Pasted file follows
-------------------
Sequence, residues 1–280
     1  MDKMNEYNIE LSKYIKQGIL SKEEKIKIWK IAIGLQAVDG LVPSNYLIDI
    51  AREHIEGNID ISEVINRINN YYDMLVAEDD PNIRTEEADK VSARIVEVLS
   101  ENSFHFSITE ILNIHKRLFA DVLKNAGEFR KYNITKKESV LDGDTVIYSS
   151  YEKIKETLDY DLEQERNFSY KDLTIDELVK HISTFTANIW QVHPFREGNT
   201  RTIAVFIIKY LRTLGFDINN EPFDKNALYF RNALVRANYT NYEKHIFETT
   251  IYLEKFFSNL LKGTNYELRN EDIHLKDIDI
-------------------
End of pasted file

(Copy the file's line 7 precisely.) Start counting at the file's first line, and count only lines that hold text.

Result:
   251  IYLEKFFSNL LKGTNYELRN EDIHLKDIDI